WIPO Arbitration and Mediation Center

ADMINISTRATIVE PANEL DECISION

Nike Innovate C.V. v. Melikssa Svensson

Case No. D2017-2357

1. The Parties

The Complainant is Nike Innovate C.V. of Beaverton, Oregon, United States of America ("United States"), represented by Stobbs IP Limited, United Kingdom of Great Britain and Northern Ireland ("UK").

The Respondent is Melikssa Svensson of Lyon/Aubervilliers/Bergerac, France.

2. The Domain Names and Registrar

The disputed domain names <nikameetsworld.com>, <nike-sg.com>, <nikeukshops.com>, <nkfrshop.com> and <shopnike99.com> are registered with Hosting Concepts B.V. d/b/a Openprovider (the "Registrar").

3. Procedural History

The Complaint was filed with the WIPO Arbitration and Mediation Center (the "Center") on November 28, 2017. On November 28, 2017, the Center transmitted by email to the Registrar a request for registrar verification in connection with the disputed domain names. On November 29, 2017, and January 7, 2018, the Registrar transmitted by email to the Center its verification response confirming that the Respondent is listed as the registrant and providing the contact details. The Complainant filed an amended Complaint on January 10, 2018.

The Center verified that the Complaint together with the amended Complaint satisfied the formal requirements of the Uniform Domain Name Dispute Resolution Policy (the "Policy" or "UDRP"), the Rules for Uniform Domain Name Dispute Resolution Policy (the "Rules"), and the WIPO Supplemental Rules for Uniform Domain Name Dispute Resolution Policy (the "Supplemental Rules").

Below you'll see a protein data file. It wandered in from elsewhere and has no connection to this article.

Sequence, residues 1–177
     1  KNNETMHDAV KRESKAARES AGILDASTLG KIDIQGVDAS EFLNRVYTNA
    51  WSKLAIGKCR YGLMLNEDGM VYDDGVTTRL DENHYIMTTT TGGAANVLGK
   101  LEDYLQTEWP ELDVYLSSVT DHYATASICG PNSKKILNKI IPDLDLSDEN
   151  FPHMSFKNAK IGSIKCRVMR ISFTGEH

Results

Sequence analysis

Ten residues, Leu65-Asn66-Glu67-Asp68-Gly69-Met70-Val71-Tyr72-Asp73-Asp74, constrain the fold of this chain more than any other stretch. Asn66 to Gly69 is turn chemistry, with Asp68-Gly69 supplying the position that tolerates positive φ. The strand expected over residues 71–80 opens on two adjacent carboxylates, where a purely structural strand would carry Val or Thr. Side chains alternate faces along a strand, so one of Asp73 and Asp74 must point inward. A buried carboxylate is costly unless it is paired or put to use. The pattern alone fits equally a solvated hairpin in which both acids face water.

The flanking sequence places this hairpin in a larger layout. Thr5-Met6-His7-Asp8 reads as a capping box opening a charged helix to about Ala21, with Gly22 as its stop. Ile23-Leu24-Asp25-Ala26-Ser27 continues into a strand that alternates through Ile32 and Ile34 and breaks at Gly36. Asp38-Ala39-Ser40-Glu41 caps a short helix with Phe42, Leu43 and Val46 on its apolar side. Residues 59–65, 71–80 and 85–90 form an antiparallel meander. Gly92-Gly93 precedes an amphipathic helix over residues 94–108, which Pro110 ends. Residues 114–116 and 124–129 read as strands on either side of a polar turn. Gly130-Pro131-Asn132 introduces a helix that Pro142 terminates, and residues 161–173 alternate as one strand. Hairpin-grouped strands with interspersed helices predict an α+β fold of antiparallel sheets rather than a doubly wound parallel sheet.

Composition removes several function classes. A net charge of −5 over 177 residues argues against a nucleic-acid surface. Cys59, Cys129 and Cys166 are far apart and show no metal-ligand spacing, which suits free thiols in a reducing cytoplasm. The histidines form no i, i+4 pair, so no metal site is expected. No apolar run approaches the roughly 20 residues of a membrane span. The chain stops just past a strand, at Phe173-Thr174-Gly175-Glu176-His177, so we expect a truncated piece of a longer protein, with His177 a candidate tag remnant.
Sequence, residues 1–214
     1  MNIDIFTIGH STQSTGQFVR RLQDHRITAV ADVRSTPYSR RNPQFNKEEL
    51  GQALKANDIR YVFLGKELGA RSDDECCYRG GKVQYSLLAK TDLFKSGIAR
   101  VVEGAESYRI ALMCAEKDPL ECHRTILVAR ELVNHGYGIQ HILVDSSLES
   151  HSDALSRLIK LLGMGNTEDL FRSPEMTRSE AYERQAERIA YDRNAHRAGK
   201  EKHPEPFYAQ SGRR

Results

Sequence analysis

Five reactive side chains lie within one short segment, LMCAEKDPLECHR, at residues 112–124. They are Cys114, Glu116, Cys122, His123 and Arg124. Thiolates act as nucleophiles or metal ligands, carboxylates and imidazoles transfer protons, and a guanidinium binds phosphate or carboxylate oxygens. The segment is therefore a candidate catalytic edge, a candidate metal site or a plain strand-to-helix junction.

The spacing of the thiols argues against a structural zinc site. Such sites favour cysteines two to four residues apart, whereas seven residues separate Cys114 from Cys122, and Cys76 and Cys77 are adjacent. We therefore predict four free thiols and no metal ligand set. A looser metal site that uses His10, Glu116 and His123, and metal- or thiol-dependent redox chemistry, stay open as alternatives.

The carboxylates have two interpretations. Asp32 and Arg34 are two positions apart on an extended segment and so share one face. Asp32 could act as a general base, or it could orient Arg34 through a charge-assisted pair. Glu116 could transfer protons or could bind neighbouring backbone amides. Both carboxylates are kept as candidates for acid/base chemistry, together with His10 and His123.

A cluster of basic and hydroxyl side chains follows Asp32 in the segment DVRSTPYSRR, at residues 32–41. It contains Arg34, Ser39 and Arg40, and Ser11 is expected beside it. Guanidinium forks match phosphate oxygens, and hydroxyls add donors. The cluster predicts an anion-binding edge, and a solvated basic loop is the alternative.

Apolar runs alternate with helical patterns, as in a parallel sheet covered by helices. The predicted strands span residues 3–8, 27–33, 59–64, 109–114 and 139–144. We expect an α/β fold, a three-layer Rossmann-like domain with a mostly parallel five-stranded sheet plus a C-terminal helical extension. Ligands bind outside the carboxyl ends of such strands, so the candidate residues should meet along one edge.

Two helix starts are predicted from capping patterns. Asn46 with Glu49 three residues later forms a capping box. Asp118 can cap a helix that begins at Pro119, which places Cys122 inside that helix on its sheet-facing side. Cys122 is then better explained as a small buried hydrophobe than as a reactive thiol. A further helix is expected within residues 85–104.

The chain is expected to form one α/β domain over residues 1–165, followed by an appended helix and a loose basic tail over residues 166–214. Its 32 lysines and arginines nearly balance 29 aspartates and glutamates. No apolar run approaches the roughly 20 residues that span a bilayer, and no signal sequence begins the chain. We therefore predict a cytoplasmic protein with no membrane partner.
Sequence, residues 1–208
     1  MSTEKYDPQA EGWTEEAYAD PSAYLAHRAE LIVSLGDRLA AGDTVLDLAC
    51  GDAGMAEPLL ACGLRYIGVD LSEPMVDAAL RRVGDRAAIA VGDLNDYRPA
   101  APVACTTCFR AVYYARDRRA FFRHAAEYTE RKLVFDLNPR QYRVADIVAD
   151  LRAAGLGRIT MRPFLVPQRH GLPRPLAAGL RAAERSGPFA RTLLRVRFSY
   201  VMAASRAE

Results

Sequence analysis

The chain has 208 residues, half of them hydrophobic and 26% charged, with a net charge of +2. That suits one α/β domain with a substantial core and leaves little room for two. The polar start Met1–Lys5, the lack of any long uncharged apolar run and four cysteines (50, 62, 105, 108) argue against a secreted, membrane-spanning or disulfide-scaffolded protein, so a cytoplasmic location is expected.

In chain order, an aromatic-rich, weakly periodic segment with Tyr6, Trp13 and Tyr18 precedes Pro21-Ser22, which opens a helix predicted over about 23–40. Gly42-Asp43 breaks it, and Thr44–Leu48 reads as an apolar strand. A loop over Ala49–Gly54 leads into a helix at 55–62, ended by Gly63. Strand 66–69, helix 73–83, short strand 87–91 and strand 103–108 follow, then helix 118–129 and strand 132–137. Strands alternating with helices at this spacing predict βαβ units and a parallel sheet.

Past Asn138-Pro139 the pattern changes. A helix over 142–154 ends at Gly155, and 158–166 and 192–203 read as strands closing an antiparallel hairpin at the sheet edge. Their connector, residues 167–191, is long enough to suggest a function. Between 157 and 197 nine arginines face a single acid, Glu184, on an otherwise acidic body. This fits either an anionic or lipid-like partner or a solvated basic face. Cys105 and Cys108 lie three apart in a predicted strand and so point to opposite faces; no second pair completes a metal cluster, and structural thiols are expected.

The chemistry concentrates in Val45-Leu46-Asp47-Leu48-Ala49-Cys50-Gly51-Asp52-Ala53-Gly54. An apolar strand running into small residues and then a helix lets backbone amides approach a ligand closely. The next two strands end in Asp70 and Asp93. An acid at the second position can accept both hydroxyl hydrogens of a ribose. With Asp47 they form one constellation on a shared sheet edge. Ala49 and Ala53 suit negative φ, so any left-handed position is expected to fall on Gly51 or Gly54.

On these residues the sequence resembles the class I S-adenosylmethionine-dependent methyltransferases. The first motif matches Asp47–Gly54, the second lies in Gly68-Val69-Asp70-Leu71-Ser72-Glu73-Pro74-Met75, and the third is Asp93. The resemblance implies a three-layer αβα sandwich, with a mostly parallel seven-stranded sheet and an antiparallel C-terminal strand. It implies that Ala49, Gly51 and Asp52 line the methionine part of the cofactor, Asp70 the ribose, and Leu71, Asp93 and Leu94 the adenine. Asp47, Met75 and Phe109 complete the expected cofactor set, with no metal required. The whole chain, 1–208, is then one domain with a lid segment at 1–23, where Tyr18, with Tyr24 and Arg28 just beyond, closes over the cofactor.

In accordance with the Rules, paragraphs 2 and 4, the Center formally notified the Respondent of the Complaint, and the proceedings commenced on January 12, 2018. In accordance with the Rules, paragraph 5, the due date for Response was February 1, 2018. The Respondent did not submit any response. Accordingly, the Center notified the Respondent's default on February 2, 2018.

The Center appointed Tuukka Airaksinen as the sole panelist in this matter on February 23, 2018. The Panel finds that it was properly constituted. The Panel has submitted the Statement of Acceptance and Declaration of Impartiality and Independence, as required by the Center to ensure compliance with the Rules, paragraph 7.

4. Factual Background

The Complainant is the trademark owner and a subsidiary of Nike, Inc., based in Oregon, United States. The Complainant is the owner of the trademark NIKE, which has been used and registered in many countries of the world since 1971.

The disputed domain names were registered as follows:

<nike-sg.com> was registered on October 17, 2017
<nikeukshops.com> was registered on August 3, 2017
<nkfrshop.com> was registered on August 2, 2017
<nikameetsworld.com> was registered on August 3, 2017
<shopnike99.com> was registered on April 11, 2017

The disputed domain names resolve to different websites selling what appear to be counterfeit products or goods of the Complainant's competitors.

5. Parties' Contentions

A. Complainant

The Complainant's trademark NIKE enjoys significant reputation worldwide and is constantly ranked among the highest value brands in the world by Interbrand.

The disputed domain names <nike-sg.com>, <shopnike99.com> and <nikeukshops.com> incorporate the Complainant's trademark in its entirety and combine it with generic or descriptive words, the country abbreviation UK and the numbers 99.

The disputed domain name <nikameetsworld.com> contains an obvious misspelling of the Complainant's trademark. The disputed domain name <nkfrshop.com> contains a common abbreviation of the Complainant's trademark.

The Respondent is not commonly known by the name NIKE and has no rights or legitimate interests in the disputed domain names. The goods sold on the websites of the disputed domain names are counterfeit goods, or goods of the Complainant's competitors.